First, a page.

OPCW Helps Build Sampling and Analysis Skills of First Responders

18 May 2018
First responders from 16 counties across the world upgraded their skills in sampling and analysis

First responders from 16 counties across the world upgraded their skills in sampling and analysis

THE HAGUE, Netherlands - 18 May 2018 – First responders from 16 countries across the world upgraded their skills in sampling and analysis in a highly contaminated environment, during training in Częstochowa, Poland, held from 7 to 11 May. 

The course – already in its sixth annual edition - was run jointly by the Organisation for the Prohibition of Chemical Weapons (OPCW) and the Polish Central School of the State Fire Service.

In his opening remarks, Deputy Director of the Department of Security Policy of the Polish Foreign Ministry, Mr Marcin Wróblewski, highlighted Poland’s commitment to continued cooperation with the OPCW for the achievement of the shared goal of a world free of chemical weapons. 

Commander of the Central School, Jr. Brig. Piotr Placek, expressed that “the School, in cooperation with the OPCW, intends to continue offering this specialised course to all States Parties to the Chemical Weapons Convention”. 

The participants learned about the theory and practice of sampling and analysis of chemical and biological substances – activities that are crucial for the acquisition and preservation of evidence during events involving chemical warfare agents and/or toxic industrial chemicals.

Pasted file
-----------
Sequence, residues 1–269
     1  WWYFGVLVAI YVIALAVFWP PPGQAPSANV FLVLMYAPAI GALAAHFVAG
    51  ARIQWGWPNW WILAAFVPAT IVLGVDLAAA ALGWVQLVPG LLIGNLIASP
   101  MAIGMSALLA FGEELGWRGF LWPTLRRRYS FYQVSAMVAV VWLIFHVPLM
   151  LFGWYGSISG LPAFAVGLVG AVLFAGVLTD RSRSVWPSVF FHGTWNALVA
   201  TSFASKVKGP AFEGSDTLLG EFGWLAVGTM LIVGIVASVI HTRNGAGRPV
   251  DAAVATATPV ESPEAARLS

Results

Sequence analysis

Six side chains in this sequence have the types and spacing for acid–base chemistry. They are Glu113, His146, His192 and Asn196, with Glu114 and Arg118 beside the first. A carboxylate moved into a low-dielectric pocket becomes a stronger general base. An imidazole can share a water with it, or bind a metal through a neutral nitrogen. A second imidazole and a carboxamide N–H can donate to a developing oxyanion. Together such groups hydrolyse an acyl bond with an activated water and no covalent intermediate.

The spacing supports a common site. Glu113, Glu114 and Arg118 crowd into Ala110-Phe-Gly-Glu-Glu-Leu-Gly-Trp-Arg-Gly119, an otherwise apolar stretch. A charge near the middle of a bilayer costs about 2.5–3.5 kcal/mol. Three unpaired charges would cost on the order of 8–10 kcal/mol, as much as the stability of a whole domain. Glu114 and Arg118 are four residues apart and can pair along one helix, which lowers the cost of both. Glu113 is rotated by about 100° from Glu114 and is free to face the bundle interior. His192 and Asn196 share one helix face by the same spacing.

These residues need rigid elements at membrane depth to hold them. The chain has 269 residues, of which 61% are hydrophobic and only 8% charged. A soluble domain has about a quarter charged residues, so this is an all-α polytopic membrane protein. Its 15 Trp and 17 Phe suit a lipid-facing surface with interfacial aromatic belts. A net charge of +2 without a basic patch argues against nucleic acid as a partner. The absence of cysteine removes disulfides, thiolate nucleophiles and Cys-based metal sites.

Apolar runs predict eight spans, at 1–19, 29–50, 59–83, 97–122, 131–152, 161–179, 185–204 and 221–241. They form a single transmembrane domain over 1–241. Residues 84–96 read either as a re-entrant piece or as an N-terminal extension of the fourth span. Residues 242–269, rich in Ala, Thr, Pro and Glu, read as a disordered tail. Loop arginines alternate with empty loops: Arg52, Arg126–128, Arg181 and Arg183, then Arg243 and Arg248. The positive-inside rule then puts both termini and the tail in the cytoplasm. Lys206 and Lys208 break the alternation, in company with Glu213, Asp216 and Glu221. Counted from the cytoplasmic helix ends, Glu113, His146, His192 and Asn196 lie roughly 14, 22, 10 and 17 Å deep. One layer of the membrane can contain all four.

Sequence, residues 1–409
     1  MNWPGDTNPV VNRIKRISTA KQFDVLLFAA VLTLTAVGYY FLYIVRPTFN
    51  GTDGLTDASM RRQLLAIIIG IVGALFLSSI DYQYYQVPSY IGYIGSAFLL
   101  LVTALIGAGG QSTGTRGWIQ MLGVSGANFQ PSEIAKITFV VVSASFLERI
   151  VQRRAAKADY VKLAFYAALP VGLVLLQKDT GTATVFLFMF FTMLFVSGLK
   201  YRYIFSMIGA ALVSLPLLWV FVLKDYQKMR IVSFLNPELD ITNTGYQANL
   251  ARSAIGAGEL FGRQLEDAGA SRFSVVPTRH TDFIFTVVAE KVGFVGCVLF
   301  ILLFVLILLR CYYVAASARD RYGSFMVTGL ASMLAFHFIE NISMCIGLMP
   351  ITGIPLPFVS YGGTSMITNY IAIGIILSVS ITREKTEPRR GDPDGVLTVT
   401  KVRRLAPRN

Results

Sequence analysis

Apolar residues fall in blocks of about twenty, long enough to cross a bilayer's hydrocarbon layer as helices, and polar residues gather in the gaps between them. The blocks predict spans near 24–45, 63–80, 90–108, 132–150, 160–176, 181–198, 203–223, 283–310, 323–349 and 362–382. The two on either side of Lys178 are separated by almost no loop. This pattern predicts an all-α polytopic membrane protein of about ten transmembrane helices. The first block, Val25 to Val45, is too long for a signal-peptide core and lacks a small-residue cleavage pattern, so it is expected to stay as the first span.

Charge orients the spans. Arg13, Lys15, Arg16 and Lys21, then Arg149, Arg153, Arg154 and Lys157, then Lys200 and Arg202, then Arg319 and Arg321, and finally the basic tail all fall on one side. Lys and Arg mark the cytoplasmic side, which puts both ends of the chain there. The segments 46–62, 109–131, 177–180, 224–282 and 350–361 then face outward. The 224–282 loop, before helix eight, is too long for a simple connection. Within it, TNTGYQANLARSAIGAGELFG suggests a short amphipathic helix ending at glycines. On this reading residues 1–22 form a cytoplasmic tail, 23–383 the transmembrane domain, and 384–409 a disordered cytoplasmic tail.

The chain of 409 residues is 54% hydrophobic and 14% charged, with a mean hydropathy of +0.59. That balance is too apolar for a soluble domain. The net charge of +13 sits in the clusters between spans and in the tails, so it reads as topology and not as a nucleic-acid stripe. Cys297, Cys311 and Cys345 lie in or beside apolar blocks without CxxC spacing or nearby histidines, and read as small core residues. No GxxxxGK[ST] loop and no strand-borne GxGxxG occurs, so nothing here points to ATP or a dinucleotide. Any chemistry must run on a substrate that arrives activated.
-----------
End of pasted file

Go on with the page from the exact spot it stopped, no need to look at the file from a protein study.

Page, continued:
The training was supported by the Polish Ministry of Foreign Affairs in collaboration with the Polish Army and the Firefighter Corps of the city of Katowice.

The attendees represented the following OPCW Member States: Argentina, Barbados, Bulgaria, Costa Rica, Dominican Republic, Iraq, Jordan, Morocco, Peru, Philippines, Poland, Sri Lanka, Sudan, Uganda, Ukraine and Zambia. 

Background

As the implementing body for the Chemical Weapons Convention, the OPCW oversees the global endeavour to permanently and verifiably eliminate chemical weapons. Since the Convention’s entry into force in 1997 – and with its 192 States Parties – it is the most successful disarmament treaty eliminating an entire class of weapons of mass destruction.

Over 96 per cent of all chemical weapon stockpiles declared by possessor States have been destroyed under OPCW verification. For its extensive efforts in eliminating chemical weapons, the OPCW received the 2013 Nobel Prize for Peace.

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